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And sought in vain his friend's averted eyes.

Their steps, suppressed, creaked on the uncovered boards:

They stood beside the coffin's foot and head.

Both gazed in silence, with bowed facesGrey

With bony chin pressed into bony throat.

The woman's limbs were straight inside her shroud.

The death which brooded glazed upon her eyes

Was hidden underneath the shapely lids; But the mouth kept its anguish. Combed and rich

The hair, which caught the light within its strings,

Golden about the temples, and as fine
And soft as any silk-web; and the brows
A perfect arch, the forehead undisturbed;
But the mouth kept its anguish, and the

Closed after death, scemed half in act to speak.

Covered the hands and feet; the head was laid

Upon a prayer-book, open at the rite
Of solemnizing holy matrimony.
Her marriage-ring was stitched into the


Grey stood a long while gazing. Then he


The candle on the ground, and on his knees Close to her unringed shrouded hand, he prayed,

Silent. With eyes still dry, he rose unchanged.

They left the room again with heeded steps. On friendly Harling lay the awe of death And pity he took his seat without a sound.

Some of the hackneyed phrases almost passed

His lips, but shamed him, and he held his peace.

"Harling," said Grey, after a pause, “you think

No doubt that this is all-her death is all. Harling, when first I saw you in the street, I feared you meant to come and speak to me;

So hid myself and waited till you knocked; Longing that you, perhaps, would go. Waited behind the door until you knocked,

When I

Had opened it, I think I called you SirDid you not chide me? Do you know, it seemed

So strange to me that any one I knew Before this happened should be here the


And know me for the same that once I was, I could not quite imagine we were friends. It is not merely death would make one feel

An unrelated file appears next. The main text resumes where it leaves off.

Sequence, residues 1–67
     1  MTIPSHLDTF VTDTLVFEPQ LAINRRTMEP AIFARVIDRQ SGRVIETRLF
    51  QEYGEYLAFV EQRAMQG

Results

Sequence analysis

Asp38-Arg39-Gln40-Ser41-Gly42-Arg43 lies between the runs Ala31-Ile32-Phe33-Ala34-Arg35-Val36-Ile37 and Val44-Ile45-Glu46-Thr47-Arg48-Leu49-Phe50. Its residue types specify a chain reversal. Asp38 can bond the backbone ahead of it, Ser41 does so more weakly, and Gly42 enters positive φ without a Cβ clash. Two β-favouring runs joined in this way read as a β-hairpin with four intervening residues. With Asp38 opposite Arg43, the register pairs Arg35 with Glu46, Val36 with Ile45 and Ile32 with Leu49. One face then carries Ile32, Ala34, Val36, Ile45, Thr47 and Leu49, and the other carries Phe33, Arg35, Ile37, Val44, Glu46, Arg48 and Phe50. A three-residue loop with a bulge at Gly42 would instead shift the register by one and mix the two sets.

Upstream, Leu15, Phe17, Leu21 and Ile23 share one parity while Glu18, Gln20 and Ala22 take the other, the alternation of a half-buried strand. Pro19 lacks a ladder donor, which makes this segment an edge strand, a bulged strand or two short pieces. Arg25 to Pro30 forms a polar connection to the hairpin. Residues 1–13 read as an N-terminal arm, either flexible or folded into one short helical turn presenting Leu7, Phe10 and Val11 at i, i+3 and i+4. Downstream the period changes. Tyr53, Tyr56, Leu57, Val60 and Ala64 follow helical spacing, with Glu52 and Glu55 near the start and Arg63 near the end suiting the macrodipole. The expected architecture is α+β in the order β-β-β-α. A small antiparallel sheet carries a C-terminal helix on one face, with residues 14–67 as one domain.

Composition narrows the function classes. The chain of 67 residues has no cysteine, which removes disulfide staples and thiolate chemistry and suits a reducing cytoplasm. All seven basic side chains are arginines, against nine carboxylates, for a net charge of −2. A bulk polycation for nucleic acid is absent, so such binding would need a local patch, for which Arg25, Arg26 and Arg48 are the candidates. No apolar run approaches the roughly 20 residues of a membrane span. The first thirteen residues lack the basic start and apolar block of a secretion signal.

Like this-no, there is something more behind

Harder than death, more cruel. Let me wait

Some moments; then no help but I must tell."

He gathered up his face into his hands From chin to temples, only just to think And not be seen. He had not seated him, But leaned against the chair. Nor Harling spoke.

"Two months are gone now," Grey pursued. "We two

Lived lovingly. I had to come down here, And here I met a surgeon of the town. Hell only knows-I cannot tell you-why,

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I asked him to return with me, and spend A fortnight at our house. Perhaps I wrote The whole of this to you when it occurred. His name is Luton."

Here he chose to pause. "Perhaps I am not certain," Harling said.

"I think you might be certain," answered Grey,

"If you're my friend." But then he checked himself,

Adding: "Forgive me. I am not, you see, Myself to-night-this night, nor many nights,

Nor many nights to come. Well, he agreed. Of course, he must agree; else I should


Have been like this, disgraced, made almost mad."

At this he found his passion would be near To drive him to talk wildly: so he kept Silence again some moments-then resumed.

"How should I recollect the days we passed Together? There must surely have been enough

To see, and yet I never saw it once.

Besides, my patients kept me out all day Sometimes. It was in August, John, was this

The end of August, reaping just begun. We've had a splendid harvest, you'll have heard."

"Indeed!" the other said, shifting the while His posture-and he knew not what to say.

"Yes, you detect me," Grey cried bitterly ;
"You know I am afraid of what's to come-
A coward. Now I do hope I shall speak,
And tell you all of it without a stop.
There was a lady staying with us then,
A cousin of my wife's-but older, much;
So that you understand how I could ask
This Luton down. Before his time was up,
He seemed to grow uneasy, and he left,--
Merely explaining, business called him